Secondly, they claimed that people had changed the constitution 115 times since the citizen initiative was added to the constitution in 1910. In fact, the people, ever cautious about making changes, had approved of only 47 constitutional changes. That comes to less than one change every two years. Significant among those changes are the right to the citizen initiative itself, term limits, home rule for cities, annual funding for the acquisition and protection of public lands, campaign finance reform, limits on taxation, school funding mandates, and the decriminalization of marijuana.

None of these could have ever come out of the legislature, for they are conceptually too bold, too controversial, and too forward looking for a badly fractured, poorly schooled, and fear-biting legislature. It would be more accurate to dub them the grease gun brigade because mostly they spend their energy squirting a little grease on old special-interest programs to keep them sputtering along. Rarely do new matters of real statewide importance escape committee rooms. It has been the citizen’s initiative where most real issues were first addressed and later decided at the ballot box.

That the citizen initiative is perceived by the moneyed interests as supremely important to their hegemony is perhaps illustrated by the fact that over $90 million was spent on this year’s initiatives, most of it corporate. By comparison only about $7 million was spent directly on state legislative candidates, the guys and gals that write the laws and debate ponderously for 5 months at the Capitol. Another $47 million was spent by PACs and campaign committees in support of their state candidates for office.

More was spent on the Washington delegation, but even there it was substantially less than what was spent on the initiatives. Democratic Senator Michael Bennet was the big spender, raising about $18 million to get reelected. He basically had no competition, his unknown Republican opponent raising about $3 million; yet he found it difficult to rise victorious, receiving slightly less than 50 percent of the vote.

The corporate money knows the threat is in the people. That’s where they put their oppositional money, and apparently they knew Bennet, the former corporate lawyer for Phil Anschutz, would have a hard time overcoming himself, so they threw a pot in his direction, too.

In the short term the corporate takeover of the initiative process will be challenged in the courts, almost certainly. And there is talk of trying to make a less used form of the initiative, the statutory initiative, more citizen friendly. The people have used the constitutional form of the initiative most often because it cannot be interfered with by the legislature. The statutory initiative is like any law, it can be overturned by the legislature in the next election cycle. That is why it has not been used more often. Moreover, if you are going to mobilize citizens to collect roughly 120,000 signatures and run the gauntlet of corporate challenges, you are going to want the permanency that only a constitutional initiative affords.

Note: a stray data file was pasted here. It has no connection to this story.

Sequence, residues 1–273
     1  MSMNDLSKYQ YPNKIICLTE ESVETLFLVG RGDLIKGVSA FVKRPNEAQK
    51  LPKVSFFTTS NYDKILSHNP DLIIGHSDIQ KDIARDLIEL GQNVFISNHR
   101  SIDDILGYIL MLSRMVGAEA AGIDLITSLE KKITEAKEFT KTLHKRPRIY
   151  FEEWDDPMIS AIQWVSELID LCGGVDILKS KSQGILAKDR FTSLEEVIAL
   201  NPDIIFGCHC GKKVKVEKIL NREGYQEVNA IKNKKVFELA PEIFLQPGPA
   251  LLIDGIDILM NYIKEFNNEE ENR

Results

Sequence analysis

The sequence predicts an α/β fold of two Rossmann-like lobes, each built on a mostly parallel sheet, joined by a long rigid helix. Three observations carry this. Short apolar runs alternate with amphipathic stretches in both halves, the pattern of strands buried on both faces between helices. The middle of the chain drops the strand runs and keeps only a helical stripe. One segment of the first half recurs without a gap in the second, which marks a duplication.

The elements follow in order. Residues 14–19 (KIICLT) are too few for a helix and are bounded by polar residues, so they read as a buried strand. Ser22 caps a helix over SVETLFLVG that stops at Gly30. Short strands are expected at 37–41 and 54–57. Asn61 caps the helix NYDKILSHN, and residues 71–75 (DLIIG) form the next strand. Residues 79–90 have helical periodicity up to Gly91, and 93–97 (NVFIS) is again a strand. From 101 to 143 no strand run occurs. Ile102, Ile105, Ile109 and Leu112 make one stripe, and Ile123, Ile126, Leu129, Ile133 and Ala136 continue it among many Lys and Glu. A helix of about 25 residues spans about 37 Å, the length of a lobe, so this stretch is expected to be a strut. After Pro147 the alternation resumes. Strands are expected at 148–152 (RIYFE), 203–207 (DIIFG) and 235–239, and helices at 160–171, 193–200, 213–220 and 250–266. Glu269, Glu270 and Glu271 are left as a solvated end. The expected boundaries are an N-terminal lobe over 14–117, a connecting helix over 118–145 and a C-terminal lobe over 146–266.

So what could the legislature do to help reinstitute the people’s right to legislate, a right the court’s have said is a first right, a right not to be interfered with, a right superior even to the legislatures? Well, they could resolve to not interfere with any voter approved statutory initiative for a reasonable period of time, say 3 to 5 years. They could authorize electronic petition gathering to get the initiative on the ballot, thus modernizing the process while greatly increasing regulatory efficiency and reducing costs for both the people and the state. They could use this electronic signing process to simultaneously register voters. They could insist that ballot titles are readable and contain less than 15 words, as is the requirement in Oregon. They could invite the public to the legislature to discuss these and many other potential and necessary reforms.

Alas, none of these things are likely to happen. Well-regulated grease guns are easier.

**********

phil-doe*Phil Doe is environmental director for Be The Change, and has been fighting for Colorado’s water for most of his adult life. He served as Bureau Chief and Environmental Compliance Officer for the Bureau of Reclamation in the Department of Interior and was featured as a whistleblower on 60 Minutes. A former professor of English literature, he has published op-ed features in Rocky Mountain News, Denver Post, Colorado Central Magazine, and Counterpunch. His past grassroots efforts opposed the Animas-La Plata water project in southwest Colorado. He is a registered citizen lobbyist at the State Capitol and testifies at the federal and state legislative level on natural resource issues. He serves on the board of the grassroots group, Be the Change, and directs their environmental issues program, with a current focus on horizontal hydrofracking.